Despite that, Arctic experts believe that the U.S. has been overly focused on reining in China’s influence in Greenland, while neglecting to invest economically in the region. In 2018, U.S. defense officials blocked Chinese state-owned banks from building a commercial airport in Nuuk, and helped negotiate alternative financing from Denmark. “If you tune into the media, you would think Greenland is all about the U.S. and China,” says Dwayne Menezes, director of the Polar Research and Policy Initiative, a London-based think tank that consults with governments and companies about investing. “But the truth is that of the 41 companies that hold licenses in Greenland, 26 of them are British, Canadian or Australian. The U.S., despite all the talk about economic interests, has not a single company operating in Greenland.”
Egede’s left-wing environmentalist party, Inuit Ataqatigiit, ousted the Siumut party after a snap election last month with a campaign promise to block a huge mining project, believed to have potential for about 10% of the world’s rare-earth mineral supplies. The new government canceled the deal with Australian and Chinese mining companies amid concerns that uranium from the mine could leach into Greenland’s farmland. “We do not want uranium mining,” Egede said. “If people come to Greenland and begin to operate, and we do not have legislation that is clear, it will be really dangerous.”
The push for an independent Greenland
Establishing Greenlandic independence is yet another political discussion. But for Greenland to become an independent country, it would need to replace the roughly $620 million a year it receives from Denmark to run its administration. Its mineral riches, as well as large fish stocks, should help make up that shortfall. And even its melting ice could be a money-spinner. The Polar Research and Policy Initiative’s Menezes, for example, is exploring the possibility of marketing giant icebergs that have broken off, by loading them onto tankers and shipping them to countries looking to buy high-quality supplies of water. “It helps contribute to the consequences of climate change,” he says.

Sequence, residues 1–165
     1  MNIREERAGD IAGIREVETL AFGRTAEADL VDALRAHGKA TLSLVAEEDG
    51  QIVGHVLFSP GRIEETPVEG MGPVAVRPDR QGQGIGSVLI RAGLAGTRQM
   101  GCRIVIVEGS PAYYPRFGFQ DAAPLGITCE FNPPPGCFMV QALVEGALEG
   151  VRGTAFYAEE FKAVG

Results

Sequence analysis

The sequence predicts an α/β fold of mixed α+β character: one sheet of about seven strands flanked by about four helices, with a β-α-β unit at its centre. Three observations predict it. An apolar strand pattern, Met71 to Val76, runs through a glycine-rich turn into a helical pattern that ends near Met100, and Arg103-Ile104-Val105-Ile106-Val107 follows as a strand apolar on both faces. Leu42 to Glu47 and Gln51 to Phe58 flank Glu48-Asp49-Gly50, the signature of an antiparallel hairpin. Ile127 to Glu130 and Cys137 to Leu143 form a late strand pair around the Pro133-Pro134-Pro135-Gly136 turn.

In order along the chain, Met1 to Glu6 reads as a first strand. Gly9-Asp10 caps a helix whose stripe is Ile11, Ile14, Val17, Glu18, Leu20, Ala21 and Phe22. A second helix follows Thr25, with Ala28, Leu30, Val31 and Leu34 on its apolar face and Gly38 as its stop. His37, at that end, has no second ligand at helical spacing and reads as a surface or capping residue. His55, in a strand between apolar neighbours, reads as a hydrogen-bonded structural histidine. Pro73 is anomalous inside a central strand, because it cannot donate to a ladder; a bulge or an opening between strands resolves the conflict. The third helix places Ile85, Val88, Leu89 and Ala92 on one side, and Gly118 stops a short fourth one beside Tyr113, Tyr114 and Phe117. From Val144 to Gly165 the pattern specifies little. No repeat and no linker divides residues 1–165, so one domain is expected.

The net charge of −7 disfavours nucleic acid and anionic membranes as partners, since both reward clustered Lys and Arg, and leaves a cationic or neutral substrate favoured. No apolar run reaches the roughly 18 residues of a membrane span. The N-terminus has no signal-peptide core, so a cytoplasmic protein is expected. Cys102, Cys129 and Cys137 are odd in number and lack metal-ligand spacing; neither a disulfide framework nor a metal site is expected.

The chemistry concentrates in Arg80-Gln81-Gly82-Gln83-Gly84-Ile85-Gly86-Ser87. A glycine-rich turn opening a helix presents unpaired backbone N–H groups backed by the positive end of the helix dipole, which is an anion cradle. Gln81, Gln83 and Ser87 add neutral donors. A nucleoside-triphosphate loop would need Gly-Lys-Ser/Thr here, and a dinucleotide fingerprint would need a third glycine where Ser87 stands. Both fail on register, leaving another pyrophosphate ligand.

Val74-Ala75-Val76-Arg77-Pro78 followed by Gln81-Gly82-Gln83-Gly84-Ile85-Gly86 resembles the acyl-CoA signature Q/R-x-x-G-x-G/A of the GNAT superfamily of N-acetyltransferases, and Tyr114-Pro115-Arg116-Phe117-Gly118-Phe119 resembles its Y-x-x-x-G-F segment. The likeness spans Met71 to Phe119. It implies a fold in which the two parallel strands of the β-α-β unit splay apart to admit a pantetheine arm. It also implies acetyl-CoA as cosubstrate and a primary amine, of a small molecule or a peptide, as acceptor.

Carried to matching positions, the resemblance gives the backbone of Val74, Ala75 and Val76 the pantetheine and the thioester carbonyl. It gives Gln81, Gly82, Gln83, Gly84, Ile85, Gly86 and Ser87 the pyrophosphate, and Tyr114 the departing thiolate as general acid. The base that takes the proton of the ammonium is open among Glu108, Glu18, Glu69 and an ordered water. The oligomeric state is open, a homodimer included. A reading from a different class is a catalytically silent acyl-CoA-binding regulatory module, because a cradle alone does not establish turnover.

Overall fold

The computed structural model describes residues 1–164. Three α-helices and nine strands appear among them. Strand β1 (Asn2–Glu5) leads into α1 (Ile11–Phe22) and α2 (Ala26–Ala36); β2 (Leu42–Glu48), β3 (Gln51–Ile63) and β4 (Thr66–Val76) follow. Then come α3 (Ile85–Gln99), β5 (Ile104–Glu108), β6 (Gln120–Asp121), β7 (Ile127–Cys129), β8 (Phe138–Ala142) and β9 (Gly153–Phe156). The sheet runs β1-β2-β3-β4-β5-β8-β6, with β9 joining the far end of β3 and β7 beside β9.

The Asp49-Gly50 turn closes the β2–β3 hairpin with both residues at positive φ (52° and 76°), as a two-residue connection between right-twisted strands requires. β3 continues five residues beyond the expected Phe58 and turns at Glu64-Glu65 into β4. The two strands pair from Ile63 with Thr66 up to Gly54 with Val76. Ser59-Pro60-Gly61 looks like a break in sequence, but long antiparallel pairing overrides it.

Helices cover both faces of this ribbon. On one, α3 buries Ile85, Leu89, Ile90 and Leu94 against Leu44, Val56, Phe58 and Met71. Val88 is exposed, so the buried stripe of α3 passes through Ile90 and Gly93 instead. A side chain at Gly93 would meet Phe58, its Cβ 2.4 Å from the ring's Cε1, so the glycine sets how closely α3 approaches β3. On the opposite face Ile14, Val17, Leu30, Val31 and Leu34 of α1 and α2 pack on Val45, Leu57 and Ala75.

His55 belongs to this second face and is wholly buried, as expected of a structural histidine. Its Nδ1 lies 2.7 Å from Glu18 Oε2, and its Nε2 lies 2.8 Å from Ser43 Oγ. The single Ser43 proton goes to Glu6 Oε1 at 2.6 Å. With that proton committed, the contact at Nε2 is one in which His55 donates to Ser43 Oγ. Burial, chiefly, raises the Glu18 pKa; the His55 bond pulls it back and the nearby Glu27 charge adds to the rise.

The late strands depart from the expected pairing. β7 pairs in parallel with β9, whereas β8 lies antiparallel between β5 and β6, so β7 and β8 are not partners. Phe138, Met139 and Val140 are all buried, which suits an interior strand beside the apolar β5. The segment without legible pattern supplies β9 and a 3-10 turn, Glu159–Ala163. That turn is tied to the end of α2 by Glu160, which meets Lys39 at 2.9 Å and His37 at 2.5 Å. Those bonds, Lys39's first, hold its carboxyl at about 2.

Business deals like these could accelerate Greenland’s quest for nationhood. So far, Egede’s government has not specified when that could be. Danish politicians have said over the years that they expect the island to eventually become independent, but like Greenland’s leaders, they haven’t set out a timeline. “We will take it up,” Greenland’s new Foreign Minister Broberg told TIME. “Whether it is in four, eight, or 12 years, that is difficult to say.”
There would be huge logistical challenges to unraveling the centuries-old political and cultural relationship with Denmark. Raised within the Kingdom of Denmark, young Greenlanders attend schools that teach in Danish and Greenlandic, a language not even offered on Google Translate, and which no one beyond the island’s tiny population speaks.
Establishing closer ties with the U.S. would have its advantages, though. Nuuk is closer to New York than Copenhagen. A one-way flight to Denmark’s capital—the only commercial route remaining in operation during the pandemic—costs about $2,500, says Broberg, who is a former pilot. “Goods are approximately one-third the price in the U.S. than the goods we buy from Denmark,” he says. “Whether it is Netflix, or building materials, or supermarket food, we want to buy from the U.S.,” he says. “That is not a bad thing.”
Broberg says that if—or when—independence finally comes, Greenland is likely to have strong connections with the U.S. beyond trade. Greenland’s extensive high-speed fiber-optic network has brought with it better access to streaming services, allowing younger islanders to binge-watch American TV series and movies, Broberg says. He was recently stunned to discover that his 14-year-old daughter could speak English. “She had an online friend in Canada who she was gaming with,” he says. “So she learned English on YouTube.”